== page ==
sun spectrum
N.A.Sharp, NOAO/NSO/Kitt Peak FTS/AURA/NSF
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As we all likely remember from high school physics, white light can be broken up into constituent colors, the components of the rainbow. But have you ever wanted a high quality, very accurate take on that? To see how much of each color comes out of the light from our Sun? That’s exactly what this image shows.

Captured by the National Optical Astronomy Observatory, this image is a complete spectrum of visible light captured from the sun. Each of the 50 slices covers 60 angstroms of the light spectrum, for a range of 4000 to 7000 angstroms (400-700 nanometers).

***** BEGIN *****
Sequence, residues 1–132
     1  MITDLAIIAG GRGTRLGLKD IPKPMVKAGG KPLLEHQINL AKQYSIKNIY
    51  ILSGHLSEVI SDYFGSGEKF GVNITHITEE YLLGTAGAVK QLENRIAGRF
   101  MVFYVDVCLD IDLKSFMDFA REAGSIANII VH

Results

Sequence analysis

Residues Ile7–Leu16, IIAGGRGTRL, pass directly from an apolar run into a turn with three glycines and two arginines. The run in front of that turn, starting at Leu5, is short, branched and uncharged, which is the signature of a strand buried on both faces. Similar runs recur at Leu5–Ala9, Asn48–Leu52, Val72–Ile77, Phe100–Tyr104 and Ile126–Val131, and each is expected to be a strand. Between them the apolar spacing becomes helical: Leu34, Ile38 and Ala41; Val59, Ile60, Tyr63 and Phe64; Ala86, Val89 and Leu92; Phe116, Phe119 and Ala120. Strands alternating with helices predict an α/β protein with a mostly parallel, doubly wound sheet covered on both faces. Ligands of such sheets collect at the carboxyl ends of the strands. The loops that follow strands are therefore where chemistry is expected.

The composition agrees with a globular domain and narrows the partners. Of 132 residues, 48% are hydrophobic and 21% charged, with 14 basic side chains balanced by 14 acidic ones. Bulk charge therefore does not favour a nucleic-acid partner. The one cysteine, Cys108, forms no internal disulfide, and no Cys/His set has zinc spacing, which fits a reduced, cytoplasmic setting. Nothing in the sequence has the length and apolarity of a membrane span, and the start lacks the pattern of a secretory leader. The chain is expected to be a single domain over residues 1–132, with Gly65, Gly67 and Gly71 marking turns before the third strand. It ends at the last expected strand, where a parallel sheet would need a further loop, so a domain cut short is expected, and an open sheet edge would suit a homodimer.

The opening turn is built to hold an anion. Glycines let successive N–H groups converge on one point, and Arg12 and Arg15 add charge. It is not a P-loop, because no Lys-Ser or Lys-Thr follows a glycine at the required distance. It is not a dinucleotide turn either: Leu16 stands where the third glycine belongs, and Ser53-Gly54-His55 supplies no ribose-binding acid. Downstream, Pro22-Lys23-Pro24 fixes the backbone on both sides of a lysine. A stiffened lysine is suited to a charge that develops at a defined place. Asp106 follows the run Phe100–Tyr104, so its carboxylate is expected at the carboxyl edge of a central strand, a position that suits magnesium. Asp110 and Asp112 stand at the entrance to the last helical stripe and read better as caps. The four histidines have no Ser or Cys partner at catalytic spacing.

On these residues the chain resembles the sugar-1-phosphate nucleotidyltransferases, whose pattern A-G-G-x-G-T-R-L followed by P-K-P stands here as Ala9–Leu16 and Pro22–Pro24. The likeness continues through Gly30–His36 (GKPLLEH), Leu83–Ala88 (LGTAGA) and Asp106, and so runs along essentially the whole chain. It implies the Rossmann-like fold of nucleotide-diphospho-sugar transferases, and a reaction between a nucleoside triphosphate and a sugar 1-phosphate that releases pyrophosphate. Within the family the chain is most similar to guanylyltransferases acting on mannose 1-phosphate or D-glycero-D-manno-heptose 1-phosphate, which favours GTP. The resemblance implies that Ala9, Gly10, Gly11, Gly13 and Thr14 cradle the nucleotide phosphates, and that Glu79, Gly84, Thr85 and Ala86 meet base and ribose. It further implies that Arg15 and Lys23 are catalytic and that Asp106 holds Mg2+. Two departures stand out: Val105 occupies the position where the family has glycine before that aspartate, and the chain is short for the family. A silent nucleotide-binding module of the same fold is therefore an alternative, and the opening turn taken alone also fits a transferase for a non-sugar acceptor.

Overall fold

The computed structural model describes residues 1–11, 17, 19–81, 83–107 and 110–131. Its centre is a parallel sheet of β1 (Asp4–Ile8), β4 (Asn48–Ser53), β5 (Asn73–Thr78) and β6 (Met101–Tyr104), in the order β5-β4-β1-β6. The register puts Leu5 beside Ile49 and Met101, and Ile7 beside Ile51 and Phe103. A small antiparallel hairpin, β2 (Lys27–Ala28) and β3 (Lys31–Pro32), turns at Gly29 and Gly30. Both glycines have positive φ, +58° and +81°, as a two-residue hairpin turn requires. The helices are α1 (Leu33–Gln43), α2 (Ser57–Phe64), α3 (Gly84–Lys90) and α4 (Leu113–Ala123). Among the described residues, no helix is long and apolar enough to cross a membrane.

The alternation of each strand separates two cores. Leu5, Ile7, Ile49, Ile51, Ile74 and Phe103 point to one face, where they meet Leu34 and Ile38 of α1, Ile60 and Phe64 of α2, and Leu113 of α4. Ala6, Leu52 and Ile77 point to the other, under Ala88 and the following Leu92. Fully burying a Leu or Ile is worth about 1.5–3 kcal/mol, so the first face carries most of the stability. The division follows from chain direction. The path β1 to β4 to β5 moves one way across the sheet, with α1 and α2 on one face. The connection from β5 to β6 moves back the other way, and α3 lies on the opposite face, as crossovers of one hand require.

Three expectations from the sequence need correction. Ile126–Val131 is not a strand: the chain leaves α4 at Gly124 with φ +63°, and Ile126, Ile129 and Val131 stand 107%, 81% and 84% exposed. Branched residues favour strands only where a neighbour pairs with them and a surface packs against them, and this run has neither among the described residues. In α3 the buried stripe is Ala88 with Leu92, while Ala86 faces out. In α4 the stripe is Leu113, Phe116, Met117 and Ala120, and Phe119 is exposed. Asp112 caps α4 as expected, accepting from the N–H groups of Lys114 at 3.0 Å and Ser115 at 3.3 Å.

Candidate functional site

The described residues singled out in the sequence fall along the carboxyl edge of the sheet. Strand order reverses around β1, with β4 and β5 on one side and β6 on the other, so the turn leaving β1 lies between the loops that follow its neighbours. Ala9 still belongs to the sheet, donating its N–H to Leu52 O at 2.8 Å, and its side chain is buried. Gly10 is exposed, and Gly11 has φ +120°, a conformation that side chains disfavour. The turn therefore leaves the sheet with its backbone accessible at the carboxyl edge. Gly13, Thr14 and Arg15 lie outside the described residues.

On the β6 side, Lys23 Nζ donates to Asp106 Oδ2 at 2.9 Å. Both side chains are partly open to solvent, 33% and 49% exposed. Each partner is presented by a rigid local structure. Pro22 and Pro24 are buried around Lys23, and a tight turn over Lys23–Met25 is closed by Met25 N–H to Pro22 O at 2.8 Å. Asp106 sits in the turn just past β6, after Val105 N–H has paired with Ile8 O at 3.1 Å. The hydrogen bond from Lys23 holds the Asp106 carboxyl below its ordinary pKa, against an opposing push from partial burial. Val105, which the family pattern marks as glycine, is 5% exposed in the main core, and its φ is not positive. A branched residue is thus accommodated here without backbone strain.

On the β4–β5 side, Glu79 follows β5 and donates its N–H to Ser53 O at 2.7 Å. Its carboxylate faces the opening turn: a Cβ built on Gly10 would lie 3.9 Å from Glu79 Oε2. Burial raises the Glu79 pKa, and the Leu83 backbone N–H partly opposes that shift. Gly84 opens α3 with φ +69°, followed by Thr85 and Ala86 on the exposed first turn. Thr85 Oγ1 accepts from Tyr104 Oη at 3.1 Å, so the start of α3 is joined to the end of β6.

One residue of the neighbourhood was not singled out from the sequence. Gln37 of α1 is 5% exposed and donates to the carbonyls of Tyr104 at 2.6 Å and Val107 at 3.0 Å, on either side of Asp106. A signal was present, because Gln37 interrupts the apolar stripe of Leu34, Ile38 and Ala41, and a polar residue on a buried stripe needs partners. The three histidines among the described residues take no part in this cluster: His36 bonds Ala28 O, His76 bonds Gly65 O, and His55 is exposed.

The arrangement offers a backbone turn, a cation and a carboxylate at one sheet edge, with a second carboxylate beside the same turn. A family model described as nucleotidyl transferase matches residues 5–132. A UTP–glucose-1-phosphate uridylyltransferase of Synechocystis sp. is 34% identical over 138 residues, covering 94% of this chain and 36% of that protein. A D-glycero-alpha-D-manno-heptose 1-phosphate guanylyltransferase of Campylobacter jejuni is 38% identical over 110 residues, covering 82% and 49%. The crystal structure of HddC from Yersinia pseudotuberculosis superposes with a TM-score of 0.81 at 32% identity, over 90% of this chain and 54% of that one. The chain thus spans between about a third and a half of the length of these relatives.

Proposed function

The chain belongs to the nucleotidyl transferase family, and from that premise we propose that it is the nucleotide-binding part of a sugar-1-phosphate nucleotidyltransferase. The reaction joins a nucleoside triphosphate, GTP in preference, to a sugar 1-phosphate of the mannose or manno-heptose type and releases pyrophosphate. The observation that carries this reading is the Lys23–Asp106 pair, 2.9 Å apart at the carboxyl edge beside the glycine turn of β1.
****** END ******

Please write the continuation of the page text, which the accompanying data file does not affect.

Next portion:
Just looking at it, you’ll notice a couple of things. For one, it’s brightest in the yellow-green area of the spectrum. It also has a bunch of black lines running through it. These dark patches are from gasses in the Sun’s atmosphere that absorb part of the light, and can be used to identify what elements make up a star based on what light is absorbed.

You’ll also notice that there’s no pink in this spectrum. That’s because pink, while a color that can be created with pigments, isn’t a spectral color, and doesn’t come from a single wavelength of light.

So next time you set your white balance for “daylight”, here’s a look at what that actually means.

[via io9, APOD, Mirror]

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